EMPOWER OUTINGS

EMPOWER OUTINGS

Face it, errands are a child’s least favorite ‘activity.’ Look for ways to engage them vs. just having them follow you around. Who can push the cart? Who can find the can of beans first? Who can open the door? Who can guess how long the line will take? Use the wait times to fill up their love tank and connect with their hearts (not check your phone). For older kids, empower them to help plan the menu and pick out the groceries. They can get out and wash your window while you pump the gas (I also have a child gather the trash from the car while I get gas). Make it fun and look for ways they can own part of the outing.

15-MINUTE DATES

A mom from our online Kingdom parenting class shares this powerful strategy to connect with her children. I wish parents could see that God uses our children to align, heal, and restore what was stolen, lost, or hurt in our own childhood. This is His design for family restoration. 

She shares: “I hinder my connection with my children at times by making myself distant or unavailable. I do this because I become overwhelmed and stressed and just want to disconnect from ‘parenting.’ My folks were this way to an extreme when I was growing up. In the last month or so, I have begun to dedicate 15 minutes per day with each kiddo just to connect with them. I knew this would be good for my kids, but I have been astounded by how much that has helped me feel at ease, more confident, intentional, and joyful again. I went through a season where I literally forgot how to have FUN with them! All I could see was all the work, and I was sorely burned out. He is restoring my heart.”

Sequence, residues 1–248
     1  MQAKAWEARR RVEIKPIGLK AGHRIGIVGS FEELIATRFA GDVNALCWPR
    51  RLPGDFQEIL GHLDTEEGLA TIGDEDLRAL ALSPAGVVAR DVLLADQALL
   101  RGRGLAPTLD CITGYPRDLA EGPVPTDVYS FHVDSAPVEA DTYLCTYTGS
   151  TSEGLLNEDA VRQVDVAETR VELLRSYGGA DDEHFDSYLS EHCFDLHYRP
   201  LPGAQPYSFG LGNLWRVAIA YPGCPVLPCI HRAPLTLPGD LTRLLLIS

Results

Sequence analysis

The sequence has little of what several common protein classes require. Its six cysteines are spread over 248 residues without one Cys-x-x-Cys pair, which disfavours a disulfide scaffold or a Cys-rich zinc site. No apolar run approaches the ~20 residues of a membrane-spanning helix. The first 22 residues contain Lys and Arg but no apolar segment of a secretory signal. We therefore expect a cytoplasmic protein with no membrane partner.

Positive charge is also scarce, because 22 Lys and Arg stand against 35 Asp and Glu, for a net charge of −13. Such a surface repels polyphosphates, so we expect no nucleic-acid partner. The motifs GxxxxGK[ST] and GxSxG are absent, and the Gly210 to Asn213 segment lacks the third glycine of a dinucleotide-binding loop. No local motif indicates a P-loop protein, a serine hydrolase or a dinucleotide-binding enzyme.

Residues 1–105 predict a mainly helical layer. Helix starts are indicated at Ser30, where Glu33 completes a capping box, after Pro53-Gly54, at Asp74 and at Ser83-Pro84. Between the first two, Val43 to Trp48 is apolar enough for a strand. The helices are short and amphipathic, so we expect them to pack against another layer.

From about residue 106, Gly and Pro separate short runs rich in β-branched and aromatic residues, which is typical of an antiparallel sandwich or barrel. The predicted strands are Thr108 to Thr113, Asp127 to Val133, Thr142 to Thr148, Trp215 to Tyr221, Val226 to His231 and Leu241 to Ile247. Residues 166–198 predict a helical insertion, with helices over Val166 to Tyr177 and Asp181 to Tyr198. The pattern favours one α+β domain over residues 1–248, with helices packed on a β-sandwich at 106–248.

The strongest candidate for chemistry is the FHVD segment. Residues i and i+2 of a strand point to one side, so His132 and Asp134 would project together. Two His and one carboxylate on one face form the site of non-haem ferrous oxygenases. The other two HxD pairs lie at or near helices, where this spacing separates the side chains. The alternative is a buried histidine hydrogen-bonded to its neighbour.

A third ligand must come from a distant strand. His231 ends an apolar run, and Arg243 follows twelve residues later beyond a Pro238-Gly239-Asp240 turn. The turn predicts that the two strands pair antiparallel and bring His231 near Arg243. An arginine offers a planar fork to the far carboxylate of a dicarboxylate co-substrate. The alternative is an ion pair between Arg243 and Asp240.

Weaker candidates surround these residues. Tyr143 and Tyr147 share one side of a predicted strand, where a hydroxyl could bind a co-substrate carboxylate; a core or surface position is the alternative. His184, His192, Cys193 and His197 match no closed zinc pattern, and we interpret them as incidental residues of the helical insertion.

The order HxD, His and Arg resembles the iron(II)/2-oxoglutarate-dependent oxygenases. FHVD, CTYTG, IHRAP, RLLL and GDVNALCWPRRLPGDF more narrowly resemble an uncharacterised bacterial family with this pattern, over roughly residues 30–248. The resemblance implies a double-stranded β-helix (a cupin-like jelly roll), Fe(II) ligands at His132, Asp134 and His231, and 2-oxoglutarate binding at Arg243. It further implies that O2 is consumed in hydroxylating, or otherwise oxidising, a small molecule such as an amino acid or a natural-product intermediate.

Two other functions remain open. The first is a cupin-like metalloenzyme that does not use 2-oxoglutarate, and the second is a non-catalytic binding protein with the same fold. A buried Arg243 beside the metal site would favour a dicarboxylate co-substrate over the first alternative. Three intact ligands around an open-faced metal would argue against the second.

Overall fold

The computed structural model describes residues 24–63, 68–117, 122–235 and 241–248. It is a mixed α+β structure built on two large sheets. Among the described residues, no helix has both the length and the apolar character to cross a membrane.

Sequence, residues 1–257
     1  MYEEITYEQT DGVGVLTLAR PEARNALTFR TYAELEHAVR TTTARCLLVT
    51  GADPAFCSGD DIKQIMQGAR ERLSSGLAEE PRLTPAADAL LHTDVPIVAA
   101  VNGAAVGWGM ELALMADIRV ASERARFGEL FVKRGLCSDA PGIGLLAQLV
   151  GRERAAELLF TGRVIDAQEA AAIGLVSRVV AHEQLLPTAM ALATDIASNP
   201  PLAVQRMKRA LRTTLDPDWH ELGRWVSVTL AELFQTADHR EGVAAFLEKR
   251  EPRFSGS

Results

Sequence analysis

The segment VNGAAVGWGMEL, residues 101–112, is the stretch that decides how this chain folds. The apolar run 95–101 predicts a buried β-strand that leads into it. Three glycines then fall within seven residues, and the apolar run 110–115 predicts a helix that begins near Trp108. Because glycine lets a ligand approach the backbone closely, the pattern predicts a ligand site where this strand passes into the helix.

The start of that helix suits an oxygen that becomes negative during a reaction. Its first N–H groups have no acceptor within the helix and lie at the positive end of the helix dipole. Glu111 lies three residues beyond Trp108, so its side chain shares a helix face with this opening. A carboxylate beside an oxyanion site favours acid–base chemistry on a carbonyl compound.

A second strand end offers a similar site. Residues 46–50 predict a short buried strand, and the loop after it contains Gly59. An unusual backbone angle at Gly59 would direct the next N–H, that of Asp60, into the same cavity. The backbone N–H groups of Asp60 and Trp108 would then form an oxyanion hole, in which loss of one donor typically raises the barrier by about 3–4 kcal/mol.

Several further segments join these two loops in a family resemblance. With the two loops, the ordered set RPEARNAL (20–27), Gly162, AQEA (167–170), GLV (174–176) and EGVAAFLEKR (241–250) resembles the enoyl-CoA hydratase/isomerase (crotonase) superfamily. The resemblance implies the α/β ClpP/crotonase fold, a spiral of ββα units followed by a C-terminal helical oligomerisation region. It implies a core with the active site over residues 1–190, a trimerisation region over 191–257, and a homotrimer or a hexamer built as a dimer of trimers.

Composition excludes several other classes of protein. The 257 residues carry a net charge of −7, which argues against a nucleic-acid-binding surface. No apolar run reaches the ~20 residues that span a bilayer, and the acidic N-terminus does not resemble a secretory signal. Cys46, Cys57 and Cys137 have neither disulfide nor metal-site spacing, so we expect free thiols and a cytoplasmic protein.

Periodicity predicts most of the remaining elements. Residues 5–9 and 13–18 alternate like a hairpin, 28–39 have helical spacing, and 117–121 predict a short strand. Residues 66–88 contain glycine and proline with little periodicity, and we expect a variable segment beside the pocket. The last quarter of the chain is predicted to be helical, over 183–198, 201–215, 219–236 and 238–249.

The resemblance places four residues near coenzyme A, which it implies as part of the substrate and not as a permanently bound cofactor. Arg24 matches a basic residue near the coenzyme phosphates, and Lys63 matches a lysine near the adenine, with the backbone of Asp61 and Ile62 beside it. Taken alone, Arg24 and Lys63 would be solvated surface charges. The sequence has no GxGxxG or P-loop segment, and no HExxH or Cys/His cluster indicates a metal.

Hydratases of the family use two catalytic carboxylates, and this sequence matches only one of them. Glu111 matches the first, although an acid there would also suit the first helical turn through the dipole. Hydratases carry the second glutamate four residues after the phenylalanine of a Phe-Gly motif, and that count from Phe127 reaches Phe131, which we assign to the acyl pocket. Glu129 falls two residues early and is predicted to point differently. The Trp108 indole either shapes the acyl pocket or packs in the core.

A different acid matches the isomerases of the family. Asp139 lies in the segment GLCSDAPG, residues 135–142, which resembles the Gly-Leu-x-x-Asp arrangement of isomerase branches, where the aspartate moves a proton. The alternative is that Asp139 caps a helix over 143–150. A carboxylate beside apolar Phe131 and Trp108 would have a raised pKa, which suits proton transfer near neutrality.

FAMILY CIRCLE

When was the last time family members used harsh tones, unkind words, or sent messages of disapproval? When was the last time family members gathered to call out the good, honorable, and kind things in each other? In a family, we will find the flesh, but we can cultivate the spirit by intentionally creating space to speak life and declare truth over each other. Gather and answer the following questions over each person. 

What am I really good at? 

What do you love most about me? 

How have I helped you lately? 

What do I add to the family? 

How do you see Jesus in me? 

Make up your own!

HURTFUL WORDS

Do you have an issue with hurtful words (and tones) in your family? Try this teaching exercise.

Teach Proverbs 15:1. Get a really fancy plate at the thrift store. Speak in a soft, gentle tone and explain to the children the dish is like a person’s heart and how careful we need to be with it. When they least expect it say something hurtful in a sharp tone and smash the plate to the ground (this works great in the garage on a tarp). They will be shocked that you just did that. Begin to put the pieces back together again but show them that you can’t. Share with them that once our words are spoken, we can’t take them back, and sometimes we say things in a way that hurts their heart. Another great way to do it is with a tube of toothpaste. Have the kids squeeze it out on wax paper. After a few moments of fun, ask them in a serious tone to put the toothpaste back in the tube. No matter how hard they try, they won’t be able to. Explain that the tube is like their mouth, and we have to be careful what comes out because we can’t put it back in.